, Ptol. 2.6.17
), an ancient city of Spain, probably founded by the Phoenicians, who called it Tarchon,
which, according to Bochart, means “a citadel.” This name was pro bably derived from its situation on a high rock, between 700 and 800 feet above the sea; whence we find it characterised as “arce potens Tarraco.” (Auson. Class. Urb.
9; cf. Mart. 10.104
It was seated on the river Sulcis, on a bay of the Mare Internum, between the Pyrenees and the river Iberus. (Mela, 2.6; Plin. Nat. 3.3. s. 4
.) Livy 22.22
) mentions a “portus Tarraconis;” and according to Eratosthenes (ap. Strab. iii. p.159
) it had a naval station or roads (Ναύσταθμον
); but Artemidorus (ap. Strab. l.c.; Plb. 3.76
) says with more probability that it had none, and scarcely even an anchoring place; and Strabo himself calls it ἀλίμενος.
This answers better to its present condition; for though a mole was constructed in the 15th century with the materials of the ancient amphitheatre, and another subsequently by an Englishman named John Smith, it still affords but little protection for shipping. (Ford's Handbook of Spain,
p. 222.) Tarraco lay on the main road along the S. coast of Spain. (Itin. Ant.
pp. 391, 396, 399, 448, 452.)
It was fortified and much enlarged [p. 2.1105]
by the brothers Publius and Cneius Scipio, who converted it into a fortress and arsenal against the Carthaginians. Subsequently it became the capital of the province named after it, a Roman colony, and “conventus juridicus.” (Plin. l.c.; Tac. Ann. 1.78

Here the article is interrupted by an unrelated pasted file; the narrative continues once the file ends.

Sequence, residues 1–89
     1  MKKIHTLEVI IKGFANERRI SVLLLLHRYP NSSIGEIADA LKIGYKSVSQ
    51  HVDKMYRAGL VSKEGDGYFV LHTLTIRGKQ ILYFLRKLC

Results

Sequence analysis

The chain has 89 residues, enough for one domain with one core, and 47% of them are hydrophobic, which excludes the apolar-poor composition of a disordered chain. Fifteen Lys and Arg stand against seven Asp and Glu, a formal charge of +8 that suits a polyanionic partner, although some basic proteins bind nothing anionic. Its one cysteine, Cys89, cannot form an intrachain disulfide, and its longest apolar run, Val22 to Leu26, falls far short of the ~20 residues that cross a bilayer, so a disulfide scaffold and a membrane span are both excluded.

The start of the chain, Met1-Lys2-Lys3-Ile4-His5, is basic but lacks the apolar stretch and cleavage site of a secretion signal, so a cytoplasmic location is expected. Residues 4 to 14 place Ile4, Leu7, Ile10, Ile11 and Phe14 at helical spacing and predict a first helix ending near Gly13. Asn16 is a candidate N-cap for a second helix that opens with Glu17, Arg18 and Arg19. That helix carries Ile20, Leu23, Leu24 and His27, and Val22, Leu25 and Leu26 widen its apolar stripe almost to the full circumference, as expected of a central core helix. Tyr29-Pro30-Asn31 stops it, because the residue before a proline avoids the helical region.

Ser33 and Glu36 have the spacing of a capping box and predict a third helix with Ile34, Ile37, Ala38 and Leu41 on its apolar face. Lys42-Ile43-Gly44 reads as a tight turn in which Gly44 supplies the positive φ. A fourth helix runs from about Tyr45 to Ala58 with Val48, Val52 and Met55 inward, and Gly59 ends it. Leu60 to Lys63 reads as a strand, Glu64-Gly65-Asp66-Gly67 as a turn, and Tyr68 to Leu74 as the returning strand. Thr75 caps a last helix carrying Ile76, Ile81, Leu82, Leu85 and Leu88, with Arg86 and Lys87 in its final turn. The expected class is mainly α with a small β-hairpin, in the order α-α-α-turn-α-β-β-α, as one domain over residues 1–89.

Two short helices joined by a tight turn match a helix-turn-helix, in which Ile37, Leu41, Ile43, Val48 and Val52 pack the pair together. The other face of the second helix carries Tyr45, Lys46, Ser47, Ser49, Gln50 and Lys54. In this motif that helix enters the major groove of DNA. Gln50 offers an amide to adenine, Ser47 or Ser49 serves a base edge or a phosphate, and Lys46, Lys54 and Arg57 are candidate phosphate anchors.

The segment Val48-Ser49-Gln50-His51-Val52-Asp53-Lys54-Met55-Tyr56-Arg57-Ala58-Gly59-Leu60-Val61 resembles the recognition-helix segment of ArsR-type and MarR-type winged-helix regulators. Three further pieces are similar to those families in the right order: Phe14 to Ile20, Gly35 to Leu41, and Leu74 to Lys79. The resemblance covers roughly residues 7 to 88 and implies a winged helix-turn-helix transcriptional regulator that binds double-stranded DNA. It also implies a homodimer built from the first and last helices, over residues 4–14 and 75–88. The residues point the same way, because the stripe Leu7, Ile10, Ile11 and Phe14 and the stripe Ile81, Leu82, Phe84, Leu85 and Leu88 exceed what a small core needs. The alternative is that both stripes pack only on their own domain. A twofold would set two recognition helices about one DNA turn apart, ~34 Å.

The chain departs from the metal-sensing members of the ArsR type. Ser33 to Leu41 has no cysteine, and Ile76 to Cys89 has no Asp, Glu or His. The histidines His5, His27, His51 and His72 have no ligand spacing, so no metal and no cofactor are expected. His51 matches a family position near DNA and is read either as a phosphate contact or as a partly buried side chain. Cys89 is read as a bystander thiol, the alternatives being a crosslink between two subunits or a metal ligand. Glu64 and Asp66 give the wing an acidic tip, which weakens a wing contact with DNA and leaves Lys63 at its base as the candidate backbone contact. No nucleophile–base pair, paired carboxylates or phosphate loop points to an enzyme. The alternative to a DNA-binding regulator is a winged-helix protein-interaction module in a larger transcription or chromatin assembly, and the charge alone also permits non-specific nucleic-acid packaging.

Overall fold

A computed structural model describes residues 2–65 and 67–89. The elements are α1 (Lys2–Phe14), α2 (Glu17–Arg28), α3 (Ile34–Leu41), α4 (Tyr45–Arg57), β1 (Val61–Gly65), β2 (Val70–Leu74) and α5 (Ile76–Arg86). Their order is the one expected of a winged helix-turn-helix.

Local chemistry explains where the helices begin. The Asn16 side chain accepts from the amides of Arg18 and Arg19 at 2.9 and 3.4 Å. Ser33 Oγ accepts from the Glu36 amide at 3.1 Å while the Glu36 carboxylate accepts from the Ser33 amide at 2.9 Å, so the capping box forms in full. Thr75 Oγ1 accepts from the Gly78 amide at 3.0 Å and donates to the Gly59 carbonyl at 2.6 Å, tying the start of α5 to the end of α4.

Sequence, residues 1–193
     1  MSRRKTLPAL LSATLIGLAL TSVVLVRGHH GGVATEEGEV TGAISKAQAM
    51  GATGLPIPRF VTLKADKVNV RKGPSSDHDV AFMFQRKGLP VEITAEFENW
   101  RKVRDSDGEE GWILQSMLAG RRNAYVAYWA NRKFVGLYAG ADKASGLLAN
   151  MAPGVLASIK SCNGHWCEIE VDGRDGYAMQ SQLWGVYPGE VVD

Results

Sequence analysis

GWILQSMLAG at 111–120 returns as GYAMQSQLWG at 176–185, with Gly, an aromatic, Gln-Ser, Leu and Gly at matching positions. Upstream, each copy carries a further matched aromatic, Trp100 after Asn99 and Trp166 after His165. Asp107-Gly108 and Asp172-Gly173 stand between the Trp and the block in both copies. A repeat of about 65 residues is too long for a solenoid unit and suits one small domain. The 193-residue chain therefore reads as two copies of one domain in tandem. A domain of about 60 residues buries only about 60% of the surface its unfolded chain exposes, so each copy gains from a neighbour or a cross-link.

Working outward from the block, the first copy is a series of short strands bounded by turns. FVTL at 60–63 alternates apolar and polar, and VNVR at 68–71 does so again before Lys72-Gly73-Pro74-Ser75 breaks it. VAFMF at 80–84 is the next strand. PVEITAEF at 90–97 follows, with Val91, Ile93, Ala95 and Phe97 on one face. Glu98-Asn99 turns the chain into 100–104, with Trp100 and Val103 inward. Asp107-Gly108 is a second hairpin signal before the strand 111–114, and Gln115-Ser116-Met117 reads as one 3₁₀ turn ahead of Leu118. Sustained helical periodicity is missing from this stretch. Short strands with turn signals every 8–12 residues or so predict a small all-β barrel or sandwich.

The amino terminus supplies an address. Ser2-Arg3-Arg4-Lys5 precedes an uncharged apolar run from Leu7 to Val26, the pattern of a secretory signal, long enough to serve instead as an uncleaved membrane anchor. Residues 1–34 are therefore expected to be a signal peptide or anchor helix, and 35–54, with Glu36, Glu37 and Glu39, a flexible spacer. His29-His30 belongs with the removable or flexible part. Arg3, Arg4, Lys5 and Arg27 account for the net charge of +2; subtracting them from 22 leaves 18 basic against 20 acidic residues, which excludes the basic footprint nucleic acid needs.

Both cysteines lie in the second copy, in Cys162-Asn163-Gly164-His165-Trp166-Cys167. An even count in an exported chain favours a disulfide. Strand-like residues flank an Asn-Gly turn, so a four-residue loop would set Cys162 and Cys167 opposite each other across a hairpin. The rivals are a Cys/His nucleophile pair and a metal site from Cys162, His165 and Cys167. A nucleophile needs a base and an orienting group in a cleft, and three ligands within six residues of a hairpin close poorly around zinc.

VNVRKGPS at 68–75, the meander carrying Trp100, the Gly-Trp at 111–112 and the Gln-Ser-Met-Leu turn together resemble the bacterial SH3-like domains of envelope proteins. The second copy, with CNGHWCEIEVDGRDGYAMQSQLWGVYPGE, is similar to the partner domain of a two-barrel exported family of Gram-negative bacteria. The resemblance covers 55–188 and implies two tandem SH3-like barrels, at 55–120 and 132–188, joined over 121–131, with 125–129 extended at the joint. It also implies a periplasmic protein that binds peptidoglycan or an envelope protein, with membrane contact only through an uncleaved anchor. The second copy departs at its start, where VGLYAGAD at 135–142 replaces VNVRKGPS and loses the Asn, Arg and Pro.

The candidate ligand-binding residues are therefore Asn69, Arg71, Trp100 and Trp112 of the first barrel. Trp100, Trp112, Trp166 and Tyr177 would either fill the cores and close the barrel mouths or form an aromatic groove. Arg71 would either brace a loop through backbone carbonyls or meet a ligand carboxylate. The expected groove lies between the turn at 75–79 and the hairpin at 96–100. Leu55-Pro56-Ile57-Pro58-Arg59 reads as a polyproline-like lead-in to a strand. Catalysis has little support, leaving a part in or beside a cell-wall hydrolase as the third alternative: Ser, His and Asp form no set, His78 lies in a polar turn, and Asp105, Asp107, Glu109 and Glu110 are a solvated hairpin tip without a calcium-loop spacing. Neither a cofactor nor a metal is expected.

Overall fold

; Solin. 23
; Plb. 10.34
; Liv. 21.61
; Steph. B. sub voce
p. 637 ) Augustus wintered at Tarraco after his Cantabrian campaign, and bestowed many marks of honour on the city, among which were its honorary titles of “Colonia Victrix Togata” and “Colonia Julia Victrix Tarraconensis.” (Grut. Inscr.
p. 382; Orelli, no. 3127; coins in Eckhel, i. p. 27; Florez, Med.
ii. p. 579; Mionnet, i. p. 51, Suppl.
i. p. 104; Sestini, p. 202.)
According to Mela (l.c.
) it was the richest town on that coast, and Strabo (l.c.
) represents its population as equal to that of Carthago Nova. Its fertile plain and sunny shores are celebrated by Martial and other poets; and its neighbourhood is described as producing good wine and flax. (Mart. 10.104
; Sil. Ital. 3.369
; Plin. Nat. 14.6. s. 8
. s. 2.)
There are still many important ancient remains at Tarragona,
the present name of the city. Part of the bases of large Cyclopean walls near the Quartel de Pilatos
are thought to be anterior to the Romans.
The building just mentioned, now a prison, is said to have been the palace of Augustus. But Tarraco, like most other ancient towns which have continued to be inhabited, has been pulled to pieces by its own citizens for the purpose of obtaining building materials.
The amphitheatre near the sea-shore has been used as a quarry, and but few vestiges of it now remain.
A circus, 1500 feet long, is now built over it, though portions of it are still to be traced. Throughout the town Latin, and even apparently Phoenician, inscriptions on the stones of the houses proclaim the desecration that has been perpetrated. Two ancient monuments, at some little distance from the town, have, however, fared rather better.
The first of these is a magnificent aqueduct, which spans a valley about a mile from the gates.
It is 700 feet in length, and the loftiest arches, of which there are two tiers, are 96 feet high.
The monument on the NW. of the city, and also about a mile distant, is a Roman sepulchre, vulgarly called the. “Tower of the Scipios;” but there is no authority for assuming that they were buried here. (Cf. Ford, Handbook,
p. 219, seq.; Florez, Esp. Sagr.
xxix. p. 68, seq.; Miñano, Diccion.
viii. p. 398.)